2015-11-05 / News

Dry weather continues to drop water levels

By Margo Sullivan

More dry weather could lead to restrictions on outdoor water use, according to Town Engineer Michael Gray.

“The reservoir is still dropping,” he said.

Gray on Monday informed the Town Council, who were sitting as the board of water and sewer commissioners, that the water levels have now dropped to 39 inches below the spillway. Per the ordinance, if the decline continues to the 42-inch mark, the council will be obligated to issue the water restrictions.

“If it continues to drop, we will have to put out a notice that limits outdoor water use,” he said.

If so, Council President Kristine Trocki said, the notice would probably not affect many residents. Given the timing, most people are not using a lot of water now on their lawns and gardens.

“Unless it’s somebody cleaning their house,” Gray said.

However, he added, the councilors would have some leeway if the weather reports forecast precipitation.

Although two rainstorms have come through Rhode Island recently, most of the precipitation has landed around New Bedford, Mass., he said. Jamestown collected only 1.31 inches in the two storms combined. Over the last two years, according to Gary, it has been “really dry in the fall.”

“You can see the trends,” he said.

Currently, the North Pond reservoir stands at 33 million gallons. That’s lower than the levels between 2008 and 2014, he said, but not so low as the record year, 1993, when “we ran out of water.”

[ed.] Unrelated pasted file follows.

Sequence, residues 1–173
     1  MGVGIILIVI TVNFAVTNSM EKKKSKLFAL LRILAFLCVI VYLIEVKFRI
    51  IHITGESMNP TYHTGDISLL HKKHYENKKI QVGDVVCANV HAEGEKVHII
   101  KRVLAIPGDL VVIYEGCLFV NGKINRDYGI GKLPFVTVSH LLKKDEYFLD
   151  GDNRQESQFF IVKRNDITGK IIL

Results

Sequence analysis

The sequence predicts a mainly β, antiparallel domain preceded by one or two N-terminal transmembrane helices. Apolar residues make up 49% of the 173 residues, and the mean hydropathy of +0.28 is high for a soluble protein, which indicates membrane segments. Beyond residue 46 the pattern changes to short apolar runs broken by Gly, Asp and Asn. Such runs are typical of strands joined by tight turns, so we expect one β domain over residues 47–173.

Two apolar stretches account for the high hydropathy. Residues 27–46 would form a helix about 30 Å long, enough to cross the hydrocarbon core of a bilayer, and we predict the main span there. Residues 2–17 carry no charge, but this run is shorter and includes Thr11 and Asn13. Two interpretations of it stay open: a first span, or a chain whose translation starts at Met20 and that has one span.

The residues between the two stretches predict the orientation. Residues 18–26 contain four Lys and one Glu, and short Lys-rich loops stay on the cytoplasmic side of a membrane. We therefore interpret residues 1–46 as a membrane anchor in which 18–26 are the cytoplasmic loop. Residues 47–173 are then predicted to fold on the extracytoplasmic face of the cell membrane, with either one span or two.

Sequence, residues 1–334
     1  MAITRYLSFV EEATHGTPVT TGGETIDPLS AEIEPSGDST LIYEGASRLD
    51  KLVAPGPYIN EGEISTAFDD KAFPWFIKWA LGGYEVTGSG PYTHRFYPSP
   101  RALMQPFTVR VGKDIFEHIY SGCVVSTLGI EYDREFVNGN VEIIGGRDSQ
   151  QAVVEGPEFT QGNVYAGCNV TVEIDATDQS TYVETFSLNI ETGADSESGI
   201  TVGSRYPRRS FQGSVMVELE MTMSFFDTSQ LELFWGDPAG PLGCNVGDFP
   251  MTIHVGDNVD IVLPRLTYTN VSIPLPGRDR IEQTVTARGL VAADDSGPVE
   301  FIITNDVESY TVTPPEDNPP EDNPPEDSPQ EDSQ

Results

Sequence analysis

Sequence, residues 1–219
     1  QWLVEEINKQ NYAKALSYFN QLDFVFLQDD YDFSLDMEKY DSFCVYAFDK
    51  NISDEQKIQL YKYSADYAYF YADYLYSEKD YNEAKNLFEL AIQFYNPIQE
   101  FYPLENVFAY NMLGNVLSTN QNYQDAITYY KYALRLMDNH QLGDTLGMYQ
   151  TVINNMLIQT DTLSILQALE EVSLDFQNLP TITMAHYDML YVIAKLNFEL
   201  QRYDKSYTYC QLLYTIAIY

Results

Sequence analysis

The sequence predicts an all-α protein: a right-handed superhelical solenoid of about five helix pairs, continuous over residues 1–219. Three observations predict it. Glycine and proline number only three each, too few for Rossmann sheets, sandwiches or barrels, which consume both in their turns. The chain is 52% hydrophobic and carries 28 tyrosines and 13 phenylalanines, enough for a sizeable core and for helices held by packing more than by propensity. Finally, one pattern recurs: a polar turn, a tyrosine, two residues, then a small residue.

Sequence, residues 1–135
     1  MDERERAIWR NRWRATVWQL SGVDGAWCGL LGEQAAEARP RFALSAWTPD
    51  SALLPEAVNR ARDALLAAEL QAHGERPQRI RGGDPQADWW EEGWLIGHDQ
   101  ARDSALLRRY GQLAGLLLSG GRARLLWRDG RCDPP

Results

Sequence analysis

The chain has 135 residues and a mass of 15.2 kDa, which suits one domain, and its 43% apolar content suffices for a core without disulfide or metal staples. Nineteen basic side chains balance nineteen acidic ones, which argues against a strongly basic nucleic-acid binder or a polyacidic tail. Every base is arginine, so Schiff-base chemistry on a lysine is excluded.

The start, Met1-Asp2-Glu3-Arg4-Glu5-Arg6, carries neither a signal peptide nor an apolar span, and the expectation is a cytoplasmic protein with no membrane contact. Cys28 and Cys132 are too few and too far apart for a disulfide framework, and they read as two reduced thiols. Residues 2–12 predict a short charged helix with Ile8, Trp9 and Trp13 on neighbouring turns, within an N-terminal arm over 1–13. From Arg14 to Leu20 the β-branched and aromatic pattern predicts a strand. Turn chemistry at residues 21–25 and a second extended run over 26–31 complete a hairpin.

The water department has been transferring some water from South Pond. The pumping was conducted for five days, Gray said.

“And the well is still on,” he said.

On the plus side, the water quality has been excellent as a result of the dry weather.

In other business, Gray reported that he was not ready to discuss an agenda item about potentially using storm water to irrigate fields. Trocki asked if the item was related to the water and sewer department’s innovative use of treated wastewater to irrigate greens at the golf course.

No, he indicated.

“The ballfields?” Trocki guessed.

“Yes,” Gray said.

At that point, Town Administrator Andy Nota announced that he recently met with the state bridge authority, which maintains the state’s four main saltwater bridges, including the two connecting Jamestown. Nota said they had a “great meeting.”

They covered two major projects: one related to electric power on the bridges, and another connected to plans to construct a maintenance garage under the span on the Freebody Street side.

Another topic, however, related to the ballfields at Eldred Avenue, he reported. Some years ago, Nota said, the state Department of Transportation granted Jamestown an easement to install a well to water the ballfields.

But the well, which would be a considerable distance from the ballfields, was never installed. He wanted to propose “relocating the easement to a more appropriate location,” he said. As it turned out, the opportunity came up because the bridge authority is in the process of repairing pumps at the bottom of Tashtassic Road, he said.

“The pumps aren’t working,” Gray said. “They have a project to retrofit that pumping station.”

Although nobody at the meeting could say if the storm water could be directed to irrigate the Eldred Avenue ballfields, Nota said they may consider the option.

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